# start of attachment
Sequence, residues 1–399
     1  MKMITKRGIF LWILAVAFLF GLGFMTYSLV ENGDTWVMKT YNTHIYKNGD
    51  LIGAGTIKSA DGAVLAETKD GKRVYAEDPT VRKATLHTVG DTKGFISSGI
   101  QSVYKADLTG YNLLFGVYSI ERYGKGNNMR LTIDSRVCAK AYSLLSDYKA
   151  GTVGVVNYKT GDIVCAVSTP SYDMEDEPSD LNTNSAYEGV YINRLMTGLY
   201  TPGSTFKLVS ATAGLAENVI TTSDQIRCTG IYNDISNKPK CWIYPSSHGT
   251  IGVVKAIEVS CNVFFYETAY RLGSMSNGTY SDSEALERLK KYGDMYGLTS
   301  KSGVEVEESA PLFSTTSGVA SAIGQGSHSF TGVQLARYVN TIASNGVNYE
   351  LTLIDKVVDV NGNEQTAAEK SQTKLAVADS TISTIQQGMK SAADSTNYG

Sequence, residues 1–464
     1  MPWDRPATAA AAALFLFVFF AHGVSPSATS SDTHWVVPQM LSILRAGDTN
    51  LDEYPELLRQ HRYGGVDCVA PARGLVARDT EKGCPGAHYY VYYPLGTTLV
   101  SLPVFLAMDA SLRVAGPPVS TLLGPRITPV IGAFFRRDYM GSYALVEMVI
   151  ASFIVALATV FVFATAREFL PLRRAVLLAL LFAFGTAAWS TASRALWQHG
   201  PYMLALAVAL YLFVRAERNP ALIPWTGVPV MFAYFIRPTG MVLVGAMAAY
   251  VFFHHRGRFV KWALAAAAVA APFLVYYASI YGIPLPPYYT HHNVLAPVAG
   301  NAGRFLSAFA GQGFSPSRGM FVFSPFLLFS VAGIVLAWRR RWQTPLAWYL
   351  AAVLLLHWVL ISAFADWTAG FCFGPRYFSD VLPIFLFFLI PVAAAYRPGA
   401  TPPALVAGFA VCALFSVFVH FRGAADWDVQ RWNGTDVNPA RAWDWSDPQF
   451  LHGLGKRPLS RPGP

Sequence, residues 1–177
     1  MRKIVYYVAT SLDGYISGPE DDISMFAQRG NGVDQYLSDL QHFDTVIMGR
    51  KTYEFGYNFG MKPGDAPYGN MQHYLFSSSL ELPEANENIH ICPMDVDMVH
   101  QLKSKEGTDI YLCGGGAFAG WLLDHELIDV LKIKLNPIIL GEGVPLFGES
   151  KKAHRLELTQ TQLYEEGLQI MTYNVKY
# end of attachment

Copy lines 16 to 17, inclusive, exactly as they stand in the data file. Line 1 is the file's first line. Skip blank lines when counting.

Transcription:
   251  VFFHHRGRFV KWALAAAAVA APFLVYYASI YGIPLPPYYT HHNVLAPVAG
   301  NAGRFLSAFA GQGFSPSRGM FVFSPFLLFS VAGIVLAWRR RWQTPLAWYL